Princess Mary, Duchess of Gloucester and Edinburgh 1776–1857 The last surviving child of George III, and widow of the second Duke of Gloucester She lived at White Lodge from 1844 until her death. She was Ranger of Richmond Park from 1850 to 1857. [74]
Mary of Teck 1867–1953 Consort of George V She lived at White Lodge, Richmond Park with her parents, the Duke and Duchess of Teck, until her marriage in 1893. The couple's engagement took place at Sheen Lodge on 3 May 1893. [74][80]
Queen Victoria and Albert, Prince Consort 1819–1901

Victoria was Queen of the United Kingdom from 1837 until her death. The Queen and the Prince Consort stayed at White Lodge for a while in 1861 after the death of the Queen's mother and a few months before Albert's own death. [80]

Scholars, scientists and engineers[edit]

Sir Richard Owen and Sheen Lodge
Name Dates Description Local connection Ref
Kenneth Clark, Baron Clark 1903–1983 Art historian, author, museum director and broadcaster He lived at Old Palace Place on Richmond Green. [85]
Sir Richard Owen 1804–1892 Biologist, comparative anatomist and paleontologist He was granted Sheen Cottage in Richmond Park by Queen Victoria in 1852. He died there and is buried at Ham. His family continued to live at Sheen Cottage until 1921. [74]
Bertrand Russell 1872–1970 Mathematician and philosopher He grew up at Pembroke Lodge between 1876 and 1894. [68][86]
Stephen Peter Rigaud 1774–1839 Mathematical historian and astronomer He lived at 21 Richmond Green. [85]

Social reformers and political activists[edit]

Name Dates Description Local connection Ref
Sir Edwin Chadwick 1801–1890 Social reformer noted for his leadership in reforming the Poor Laws in England and instituting major reforms in urban sanitation and public health He lived at 5 Montague Road, Richmond; the site is marked by a blue plaque. [2]
Walter Wolfgang 1923–2019 German-born British socialist and peace activist He lived in Richmond. [49]

Spiritual leaders[edit]

Name Dates Description Local connection Ref
Thomas Wolsey, Cardinal Wolsey 1473–1530 Churchman, statesman and Lord Chancellor of England His places of residence included Richmond Lodge, which was on a site near the King's Observatory. [82]

Sportsmen and sportswomen[edit]

Name Dates Description Local connection Ref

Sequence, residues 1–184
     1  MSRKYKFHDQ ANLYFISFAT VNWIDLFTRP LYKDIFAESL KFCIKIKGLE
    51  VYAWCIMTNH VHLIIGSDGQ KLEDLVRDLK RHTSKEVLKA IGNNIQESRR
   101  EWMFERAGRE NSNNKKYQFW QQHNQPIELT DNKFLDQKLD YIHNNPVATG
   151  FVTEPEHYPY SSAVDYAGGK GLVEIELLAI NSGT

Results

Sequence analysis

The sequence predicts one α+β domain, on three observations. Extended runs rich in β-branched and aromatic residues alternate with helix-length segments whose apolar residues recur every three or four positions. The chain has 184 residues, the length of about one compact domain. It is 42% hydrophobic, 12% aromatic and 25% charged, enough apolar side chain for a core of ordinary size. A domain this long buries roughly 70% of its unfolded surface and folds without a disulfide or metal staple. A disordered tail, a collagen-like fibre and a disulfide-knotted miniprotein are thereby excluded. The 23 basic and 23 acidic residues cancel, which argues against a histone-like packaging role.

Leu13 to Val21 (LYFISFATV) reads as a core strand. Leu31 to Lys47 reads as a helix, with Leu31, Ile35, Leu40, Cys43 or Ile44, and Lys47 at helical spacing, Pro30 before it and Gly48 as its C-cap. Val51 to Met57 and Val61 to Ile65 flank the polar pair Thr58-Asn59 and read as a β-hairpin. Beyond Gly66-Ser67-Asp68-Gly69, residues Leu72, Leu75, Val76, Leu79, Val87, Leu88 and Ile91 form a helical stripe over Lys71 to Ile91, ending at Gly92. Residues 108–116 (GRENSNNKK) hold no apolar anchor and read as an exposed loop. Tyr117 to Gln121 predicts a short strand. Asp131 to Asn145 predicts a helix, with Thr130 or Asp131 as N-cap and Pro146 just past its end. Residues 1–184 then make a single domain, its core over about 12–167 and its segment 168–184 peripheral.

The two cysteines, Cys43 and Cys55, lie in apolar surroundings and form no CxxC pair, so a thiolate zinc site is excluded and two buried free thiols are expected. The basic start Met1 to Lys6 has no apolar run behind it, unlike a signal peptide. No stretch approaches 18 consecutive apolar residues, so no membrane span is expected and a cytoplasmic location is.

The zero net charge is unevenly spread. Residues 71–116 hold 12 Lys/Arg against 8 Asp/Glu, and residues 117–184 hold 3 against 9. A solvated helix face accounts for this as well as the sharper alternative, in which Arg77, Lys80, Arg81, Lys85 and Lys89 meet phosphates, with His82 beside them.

Edgar Ball 1892–1969 English cricketer; a left-handed batsman, he played three first-class matches for Somerset. He was born in Richmond. [87]
William East 1866–1933 Rower and sculler He lived in Richmond where, later in life, he became a publican and ran the Prince’s Head hotel and then The Pigeon hotel. [88]
Peter Jaffe 1913–1982 Sailor and Olympic silver medallist He was born in Richmond. [89]
Robert Long 1846–1924 English cricketer, who made two first-class appearances for Surrey He was born in Richmond. [90]

Warriors and explorers[edit]

Spencer Gore's painting of Cambrian Road, Richmond, where he lived
Hogarth House, 34 Paradise Road, Richmond, where Virginia Woolf and her husband Leonard lived
Name Dates Description Local connection Ref
Sir Richard Burton 1821–1890 Explorer, translator and writer He lived at Maids of Honour Row in Richmond while attending the Richmond Academy, which was situated in a mansion at the corner of Little Green and Duke Street. He and his wife are buried in a remarkable tomb in the shape of a Bedouin tent in the churchyard of St Mary Magdalen’s Roman Catholic Church Mortlake, where there is also a memorial window to him. [91][92]
Frederick Jeremiah Edwards 1894–1964 Irish recipient of the Victoria Cross He died at the Royal Star and Garter Home in Richmond and is buried in Richmond Cemetery. [93]
Lieutenant General Bernard Cyril Freyberg, 1st Baron Freyberg 1889–1963 Governor-General of New Zealand from 1946 to 1952 He was born on Richmond Hill and moved with his parents at the age of two to New Zealand [94][95]
Young Bingham Hutchinson 1806–1870 Royal Navy officer and settler in South Australia He was born in Richmond. [96]